Too obscure? I know. How bout this one? Similar in nature, but more mainstream.
In the last 13 years, dating back to 1994, there have been 13 different losing Superbowl teams.
    1994 Buffalo Bills
    1995 San Diego Chargers
    1996 Pittsburgh Steelers
    1997 New England Patriots
    1998 Green Bay Packers
    1999 Altanta Falcons
    2000 Tennessee Titans
    2001 New York Giants
    2002 St. Louis Rams
    2003 Oakland Raiders
    2004 Carolina Panthers
    2005 Philadelphia Eagles
    2006 Seattle Seahawks

In that 13 year span, there have been nine different winners, and there have been two who did it in back-to-back fashion. The Denver Broncos (1998, 1999) and the New England Patriots (2004, 2005).

I won't go to the trouble of enumerating them, but in the 18 year span going back to 1989 (for NHL comparison), the NBA has had 12 different teams lose in the finals. The streak of different losers is currently 4. In that time frame, there have only been six different winners. Two of those are also on the "loser" list. 16 different teams have reached the Final.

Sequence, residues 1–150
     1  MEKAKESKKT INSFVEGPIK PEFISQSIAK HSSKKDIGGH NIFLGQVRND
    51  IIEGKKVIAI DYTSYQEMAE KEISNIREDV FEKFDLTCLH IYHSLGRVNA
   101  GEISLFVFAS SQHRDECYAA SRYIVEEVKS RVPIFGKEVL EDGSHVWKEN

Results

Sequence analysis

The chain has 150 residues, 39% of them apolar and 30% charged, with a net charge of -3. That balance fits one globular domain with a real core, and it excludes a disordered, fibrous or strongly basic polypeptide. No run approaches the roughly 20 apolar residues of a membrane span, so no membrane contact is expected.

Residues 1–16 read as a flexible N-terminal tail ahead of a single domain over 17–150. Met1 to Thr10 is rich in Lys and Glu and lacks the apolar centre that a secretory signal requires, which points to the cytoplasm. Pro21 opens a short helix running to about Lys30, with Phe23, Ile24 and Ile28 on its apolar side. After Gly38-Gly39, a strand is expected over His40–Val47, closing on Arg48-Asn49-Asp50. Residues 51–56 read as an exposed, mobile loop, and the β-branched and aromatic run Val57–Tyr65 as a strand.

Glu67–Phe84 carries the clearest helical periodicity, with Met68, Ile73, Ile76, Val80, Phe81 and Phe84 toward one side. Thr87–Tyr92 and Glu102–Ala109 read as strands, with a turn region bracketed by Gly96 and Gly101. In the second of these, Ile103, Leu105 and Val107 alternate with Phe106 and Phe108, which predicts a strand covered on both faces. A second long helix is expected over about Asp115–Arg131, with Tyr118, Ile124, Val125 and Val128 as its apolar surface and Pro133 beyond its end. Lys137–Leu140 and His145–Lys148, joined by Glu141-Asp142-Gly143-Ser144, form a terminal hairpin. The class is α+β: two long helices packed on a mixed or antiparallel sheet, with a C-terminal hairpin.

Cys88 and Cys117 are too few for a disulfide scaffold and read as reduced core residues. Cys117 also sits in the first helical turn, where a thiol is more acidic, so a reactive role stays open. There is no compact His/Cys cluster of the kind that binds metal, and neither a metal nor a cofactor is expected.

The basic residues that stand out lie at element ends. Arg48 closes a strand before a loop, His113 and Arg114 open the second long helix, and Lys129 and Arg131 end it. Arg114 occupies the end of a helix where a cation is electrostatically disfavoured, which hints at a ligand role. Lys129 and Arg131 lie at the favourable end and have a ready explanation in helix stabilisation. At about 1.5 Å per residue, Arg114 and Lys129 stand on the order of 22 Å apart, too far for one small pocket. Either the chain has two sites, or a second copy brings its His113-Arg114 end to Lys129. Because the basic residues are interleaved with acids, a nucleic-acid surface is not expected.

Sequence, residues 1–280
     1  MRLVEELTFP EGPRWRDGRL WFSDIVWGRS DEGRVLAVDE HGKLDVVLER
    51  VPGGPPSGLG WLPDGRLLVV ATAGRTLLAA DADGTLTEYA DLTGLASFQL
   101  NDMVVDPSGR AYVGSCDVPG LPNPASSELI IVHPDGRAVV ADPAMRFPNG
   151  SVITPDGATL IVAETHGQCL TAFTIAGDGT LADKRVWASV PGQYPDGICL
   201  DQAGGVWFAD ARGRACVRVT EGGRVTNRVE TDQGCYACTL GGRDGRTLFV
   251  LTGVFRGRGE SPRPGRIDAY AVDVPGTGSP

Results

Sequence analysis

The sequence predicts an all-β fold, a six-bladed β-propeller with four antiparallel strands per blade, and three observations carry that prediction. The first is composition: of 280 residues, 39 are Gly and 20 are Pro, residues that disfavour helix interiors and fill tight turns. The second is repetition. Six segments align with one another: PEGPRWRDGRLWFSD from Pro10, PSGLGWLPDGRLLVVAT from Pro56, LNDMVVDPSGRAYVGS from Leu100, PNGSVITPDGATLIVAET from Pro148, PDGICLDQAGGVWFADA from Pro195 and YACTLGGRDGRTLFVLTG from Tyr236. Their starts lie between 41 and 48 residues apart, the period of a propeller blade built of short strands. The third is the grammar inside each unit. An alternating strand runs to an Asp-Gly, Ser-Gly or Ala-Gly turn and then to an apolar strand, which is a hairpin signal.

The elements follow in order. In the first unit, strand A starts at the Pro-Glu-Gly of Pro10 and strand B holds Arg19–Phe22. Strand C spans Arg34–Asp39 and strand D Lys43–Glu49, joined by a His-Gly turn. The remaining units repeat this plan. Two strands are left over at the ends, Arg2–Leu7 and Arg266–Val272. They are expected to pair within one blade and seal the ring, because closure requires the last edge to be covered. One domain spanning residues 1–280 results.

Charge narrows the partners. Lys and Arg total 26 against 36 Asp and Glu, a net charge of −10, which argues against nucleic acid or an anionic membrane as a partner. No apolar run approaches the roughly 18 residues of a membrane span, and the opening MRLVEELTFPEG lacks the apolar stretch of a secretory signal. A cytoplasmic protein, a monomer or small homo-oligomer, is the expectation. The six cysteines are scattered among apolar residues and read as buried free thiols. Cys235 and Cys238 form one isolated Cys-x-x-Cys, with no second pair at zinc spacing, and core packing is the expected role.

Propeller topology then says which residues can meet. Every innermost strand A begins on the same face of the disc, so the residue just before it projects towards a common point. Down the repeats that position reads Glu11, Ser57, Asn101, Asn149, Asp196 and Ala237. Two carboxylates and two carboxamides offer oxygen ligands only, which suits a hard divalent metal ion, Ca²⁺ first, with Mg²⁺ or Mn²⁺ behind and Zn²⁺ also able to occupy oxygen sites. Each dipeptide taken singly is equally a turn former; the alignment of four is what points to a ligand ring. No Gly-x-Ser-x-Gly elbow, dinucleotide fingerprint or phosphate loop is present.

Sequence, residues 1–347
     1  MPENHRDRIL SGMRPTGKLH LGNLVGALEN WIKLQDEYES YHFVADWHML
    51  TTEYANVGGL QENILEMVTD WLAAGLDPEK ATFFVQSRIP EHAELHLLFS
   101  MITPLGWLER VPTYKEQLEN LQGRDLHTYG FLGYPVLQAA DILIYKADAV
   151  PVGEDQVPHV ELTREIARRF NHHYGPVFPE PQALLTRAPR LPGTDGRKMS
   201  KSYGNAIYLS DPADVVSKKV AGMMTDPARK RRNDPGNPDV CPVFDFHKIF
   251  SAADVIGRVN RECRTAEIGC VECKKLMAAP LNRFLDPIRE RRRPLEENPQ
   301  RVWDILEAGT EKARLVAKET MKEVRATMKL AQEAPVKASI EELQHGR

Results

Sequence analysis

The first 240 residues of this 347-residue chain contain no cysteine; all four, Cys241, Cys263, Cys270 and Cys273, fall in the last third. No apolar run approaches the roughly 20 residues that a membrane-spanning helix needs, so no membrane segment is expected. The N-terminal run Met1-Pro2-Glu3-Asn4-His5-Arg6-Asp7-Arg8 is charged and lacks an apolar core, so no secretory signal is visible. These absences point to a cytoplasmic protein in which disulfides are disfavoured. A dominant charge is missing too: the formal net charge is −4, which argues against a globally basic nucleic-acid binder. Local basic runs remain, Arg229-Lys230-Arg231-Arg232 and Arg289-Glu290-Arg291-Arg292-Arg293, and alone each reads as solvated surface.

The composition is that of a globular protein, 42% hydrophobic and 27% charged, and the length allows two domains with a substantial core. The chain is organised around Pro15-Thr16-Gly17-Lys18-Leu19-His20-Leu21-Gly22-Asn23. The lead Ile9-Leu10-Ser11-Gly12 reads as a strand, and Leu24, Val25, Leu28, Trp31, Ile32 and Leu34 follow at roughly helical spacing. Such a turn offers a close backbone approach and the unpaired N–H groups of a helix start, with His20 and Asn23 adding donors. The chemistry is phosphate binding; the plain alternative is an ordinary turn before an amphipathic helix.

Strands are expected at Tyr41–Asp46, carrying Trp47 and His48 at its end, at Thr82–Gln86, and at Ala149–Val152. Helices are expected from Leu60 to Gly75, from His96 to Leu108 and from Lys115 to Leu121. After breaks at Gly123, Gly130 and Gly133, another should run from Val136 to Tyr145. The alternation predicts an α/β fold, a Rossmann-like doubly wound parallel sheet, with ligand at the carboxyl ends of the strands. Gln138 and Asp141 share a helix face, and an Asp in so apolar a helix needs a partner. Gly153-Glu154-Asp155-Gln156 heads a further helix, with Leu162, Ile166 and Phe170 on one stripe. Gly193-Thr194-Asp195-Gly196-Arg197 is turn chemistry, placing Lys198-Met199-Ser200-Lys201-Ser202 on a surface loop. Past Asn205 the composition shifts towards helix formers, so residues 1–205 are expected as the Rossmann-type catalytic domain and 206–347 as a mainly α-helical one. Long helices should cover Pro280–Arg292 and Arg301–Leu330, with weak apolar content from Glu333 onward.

In baseball, dating back to 1989, 10 different teams have lost in the World Series, and 11 different teams have won. Three teams are on both lists, so there have been 18 different teams that have reached the Final.

Anyway, I'm done with this. Really, I just wanted an excuse to point out that bit about the streak of 17 different Stanley Cup Finals losers. It's freakish.

now playing:

The Boo Radleys Giant Steps

¹ People will surely scream out "Oh, but The Minnesota NorthStars and the Dallas Stars are the same franchise!". They'd be only partially correct. Technically, yes. However, there was a merger of two teams, a dissolution of said merger, a change in ownership, an organization re-structuring, and a geographic move that make it sort of strange to call them the "same" franchise. Either way, 17 different cities have watched their team lose the Cup in 17 consecutive seasons.